Whole grains are an important part of a healthy, balanced diet. They provide beneficial B vitamins, iron and antioxidants, along with fiber to help control hunger and decrease blood sugar levels. Regular intake can also decrease the risk of heart disease and type 2 diabetes.
Many people forget that grains are not limited to wheat. Quinoa, spelt and barley are only a few of the many varieties of grains that can provide equally beneficial nutrition. These tasty grains can easily be incorporated into a casserole or stir-fry, as a topping for yogurt, or a healthy breakfast alternative for traditional oatmeal. On the ingredients label the first ingredient should say “whole,” so you know that the product contains more whole grain than any other ingredient.
Spice up your grain intake and experiment the next time you take a trip to the grocery store.
Makes 8 servings
• 1 cup bulgur (uncooked)
• 1/2 cup olive oil
• 1/2 cup lemon juice
• 1/2 tablespoon salt
• 1/2 tablespoon black pepper
• 1 bunch of parsley (Italian or curly)
• 1/2 of a green bell pepper, finely chopped
• 1/2 of a red bell pepper, finely chopped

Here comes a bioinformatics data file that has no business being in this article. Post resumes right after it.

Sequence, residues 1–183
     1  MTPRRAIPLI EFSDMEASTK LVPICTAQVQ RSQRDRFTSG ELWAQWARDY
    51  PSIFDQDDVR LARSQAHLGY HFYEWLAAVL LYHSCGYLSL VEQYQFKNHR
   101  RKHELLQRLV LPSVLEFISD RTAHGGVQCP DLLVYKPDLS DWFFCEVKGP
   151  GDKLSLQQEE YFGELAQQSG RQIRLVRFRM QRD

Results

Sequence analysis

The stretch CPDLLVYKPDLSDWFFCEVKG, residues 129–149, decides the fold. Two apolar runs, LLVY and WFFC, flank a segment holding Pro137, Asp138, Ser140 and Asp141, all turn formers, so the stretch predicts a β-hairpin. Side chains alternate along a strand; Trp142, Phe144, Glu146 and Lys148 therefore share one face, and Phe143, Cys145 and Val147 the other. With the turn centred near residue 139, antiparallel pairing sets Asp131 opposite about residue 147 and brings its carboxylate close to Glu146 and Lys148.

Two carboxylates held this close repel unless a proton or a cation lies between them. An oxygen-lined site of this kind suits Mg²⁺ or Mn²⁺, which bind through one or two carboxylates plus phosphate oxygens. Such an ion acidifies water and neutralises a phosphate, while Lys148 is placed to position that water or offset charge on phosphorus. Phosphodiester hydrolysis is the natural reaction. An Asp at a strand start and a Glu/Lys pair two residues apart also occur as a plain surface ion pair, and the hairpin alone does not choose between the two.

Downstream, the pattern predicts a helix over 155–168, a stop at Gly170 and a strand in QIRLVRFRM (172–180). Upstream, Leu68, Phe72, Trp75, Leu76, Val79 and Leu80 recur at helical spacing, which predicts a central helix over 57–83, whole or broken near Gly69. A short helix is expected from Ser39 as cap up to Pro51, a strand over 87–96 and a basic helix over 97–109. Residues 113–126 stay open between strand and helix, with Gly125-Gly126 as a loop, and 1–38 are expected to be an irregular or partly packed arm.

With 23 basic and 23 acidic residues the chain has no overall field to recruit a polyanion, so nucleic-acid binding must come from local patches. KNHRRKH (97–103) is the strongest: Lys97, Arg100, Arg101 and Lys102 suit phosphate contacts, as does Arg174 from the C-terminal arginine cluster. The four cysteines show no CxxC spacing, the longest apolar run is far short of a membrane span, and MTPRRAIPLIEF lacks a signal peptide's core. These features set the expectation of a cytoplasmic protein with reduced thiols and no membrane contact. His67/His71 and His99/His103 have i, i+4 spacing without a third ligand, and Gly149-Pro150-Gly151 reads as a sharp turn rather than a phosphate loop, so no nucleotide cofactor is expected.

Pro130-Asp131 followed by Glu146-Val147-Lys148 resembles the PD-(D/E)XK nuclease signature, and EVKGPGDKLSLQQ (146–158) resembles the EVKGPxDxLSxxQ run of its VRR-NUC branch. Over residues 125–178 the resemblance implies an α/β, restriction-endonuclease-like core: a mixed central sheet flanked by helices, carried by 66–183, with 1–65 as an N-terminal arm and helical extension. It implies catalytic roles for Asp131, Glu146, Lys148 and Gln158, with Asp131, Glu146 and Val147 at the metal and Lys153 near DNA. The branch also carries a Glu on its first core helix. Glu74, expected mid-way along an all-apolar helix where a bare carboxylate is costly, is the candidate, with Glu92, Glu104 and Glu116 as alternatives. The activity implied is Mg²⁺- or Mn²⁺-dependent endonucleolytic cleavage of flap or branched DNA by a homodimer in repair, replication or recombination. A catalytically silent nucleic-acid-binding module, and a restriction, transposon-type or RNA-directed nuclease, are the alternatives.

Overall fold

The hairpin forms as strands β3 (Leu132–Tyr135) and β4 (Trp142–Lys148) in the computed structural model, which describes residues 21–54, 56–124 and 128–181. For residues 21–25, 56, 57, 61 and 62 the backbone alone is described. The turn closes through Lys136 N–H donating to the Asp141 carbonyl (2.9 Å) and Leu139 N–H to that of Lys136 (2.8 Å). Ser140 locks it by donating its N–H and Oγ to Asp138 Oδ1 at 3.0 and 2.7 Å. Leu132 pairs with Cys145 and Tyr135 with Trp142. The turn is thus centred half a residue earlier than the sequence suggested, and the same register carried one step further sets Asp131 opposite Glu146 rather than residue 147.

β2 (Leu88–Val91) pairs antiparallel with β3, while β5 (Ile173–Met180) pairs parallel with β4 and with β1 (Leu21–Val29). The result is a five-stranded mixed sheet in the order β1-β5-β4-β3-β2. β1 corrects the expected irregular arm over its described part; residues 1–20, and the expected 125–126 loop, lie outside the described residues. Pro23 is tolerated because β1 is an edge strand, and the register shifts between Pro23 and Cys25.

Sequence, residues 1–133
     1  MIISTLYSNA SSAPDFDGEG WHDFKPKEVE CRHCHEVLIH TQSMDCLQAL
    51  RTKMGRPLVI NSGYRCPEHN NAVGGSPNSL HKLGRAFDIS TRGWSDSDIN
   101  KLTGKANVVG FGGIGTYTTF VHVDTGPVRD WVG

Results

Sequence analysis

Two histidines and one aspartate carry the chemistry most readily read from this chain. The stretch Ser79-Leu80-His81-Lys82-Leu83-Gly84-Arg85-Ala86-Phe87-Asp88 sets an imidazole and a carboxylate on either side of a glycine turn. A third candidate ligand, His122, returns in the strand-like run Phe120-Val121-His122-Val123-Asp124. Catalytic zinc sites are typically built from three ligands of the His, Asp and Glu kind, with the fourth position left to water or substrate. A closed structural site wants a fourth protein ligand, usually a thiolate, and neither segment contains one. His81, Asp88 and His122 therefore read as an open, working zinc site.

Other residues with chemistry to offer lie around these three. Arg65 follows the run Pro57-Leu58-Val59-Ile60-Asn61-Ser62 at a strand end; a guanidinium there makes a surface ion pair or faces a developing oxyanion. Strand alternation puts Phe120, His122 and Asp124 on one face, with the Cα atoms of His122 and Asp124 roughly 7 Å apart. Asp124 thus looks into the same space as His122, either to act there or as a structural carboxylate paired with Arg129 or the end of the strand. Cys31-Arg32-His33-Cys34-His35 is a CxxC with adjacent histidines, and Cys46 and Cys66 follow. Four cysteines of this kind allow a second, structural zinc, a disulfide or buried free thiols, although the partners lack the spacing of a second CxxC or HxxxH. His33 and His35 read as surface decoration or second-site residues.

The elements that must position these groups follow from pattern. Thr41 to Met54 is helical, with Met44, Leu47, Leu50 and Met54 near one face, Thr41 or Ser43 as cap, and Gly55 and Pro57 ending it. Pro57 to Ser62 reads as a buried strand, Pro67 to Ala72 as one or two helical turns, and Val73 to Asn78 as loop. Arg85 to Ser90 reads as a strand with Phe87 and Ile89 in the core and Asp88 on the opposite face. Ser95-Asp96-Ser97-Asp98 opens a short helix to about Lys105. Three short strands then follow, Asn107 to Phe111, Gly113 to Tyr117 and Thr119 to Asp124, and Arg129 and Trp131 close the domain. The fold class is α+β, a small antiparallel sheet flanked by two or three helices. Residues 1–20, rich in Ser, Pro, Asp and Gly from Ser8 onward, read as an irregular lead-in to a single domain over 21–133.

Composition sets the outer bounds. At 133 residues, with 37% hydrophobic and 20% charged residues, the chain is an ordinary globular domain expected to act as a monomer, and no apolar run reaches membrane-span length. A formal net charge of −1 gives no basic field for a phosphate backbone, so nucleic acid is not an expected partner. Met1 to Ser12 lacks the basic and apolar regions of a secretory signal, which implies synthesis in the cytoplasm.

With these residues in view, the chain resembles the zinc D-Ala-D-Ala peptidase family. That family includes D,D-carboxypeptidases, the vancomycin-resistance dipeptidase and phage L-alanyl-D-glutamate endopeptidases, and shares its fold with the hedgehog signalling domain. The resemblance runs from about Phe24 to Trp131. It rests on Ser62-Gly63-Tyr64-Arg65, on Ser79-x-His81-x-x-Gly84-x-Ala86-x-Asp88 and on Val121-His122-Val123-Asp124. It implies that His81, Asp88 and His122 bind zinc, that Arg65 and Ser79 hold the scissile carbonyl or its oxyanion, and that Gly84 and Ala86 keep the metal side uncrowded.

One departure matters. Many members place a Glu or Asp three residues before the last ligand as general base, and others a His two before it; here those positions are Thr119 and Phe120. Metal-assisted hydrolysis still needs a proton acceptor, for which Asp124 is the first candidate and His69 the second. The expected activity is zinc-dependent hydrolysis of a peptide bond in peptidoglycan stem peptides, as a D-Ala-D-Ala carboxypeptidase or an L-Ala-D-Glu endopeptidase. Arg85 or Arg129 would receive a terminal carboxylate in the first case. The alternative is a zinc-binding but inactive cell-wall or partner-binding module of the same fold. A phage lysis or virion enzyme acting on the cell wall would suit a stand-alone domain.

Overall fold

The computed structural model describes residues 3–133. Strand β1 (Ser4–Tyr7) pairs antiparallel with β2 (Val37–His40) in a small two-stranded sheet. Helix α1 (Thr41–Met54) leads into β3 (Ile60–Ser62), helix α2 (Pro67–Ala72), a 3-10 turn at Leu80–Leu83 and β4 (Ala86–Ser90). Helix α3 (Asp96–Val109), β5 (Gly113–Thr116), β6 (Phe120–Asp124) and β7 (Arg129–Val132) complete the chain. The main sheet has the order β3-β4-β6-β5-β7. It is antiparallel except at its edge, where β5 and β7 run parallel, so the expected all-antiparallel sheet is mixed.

• 1/2 cup olives, sliced
• 1 teaspoon ground nutmeg
• 3 tomatoes, finely chopped
Cook bulgur according to package directions.
Mix bulgur with lemon juice, oil, salt and pepper; mix well.
Add the rest of the ingredients. Refrigerate at least two hours, then serve with a salad or on a sandwich.
Nutrition information per serving (1 cup): 211 calories, 15 grams fat (12 grams unsaturated), 19 grams carbohydrates, 3 grams protein, 396 milligrams sodium, 5 grams fiber
Emily DelConte, Kali Garges, Amy King, Kelly Markiewicz and Meghan Martorana write this column and are registered dietitians at EVOLUTION — Nutrition Counseling by Dietitians in Bristol, East Greenwich, Newport and Providence. They adapt the recipes from public domain or copyright-free recipes.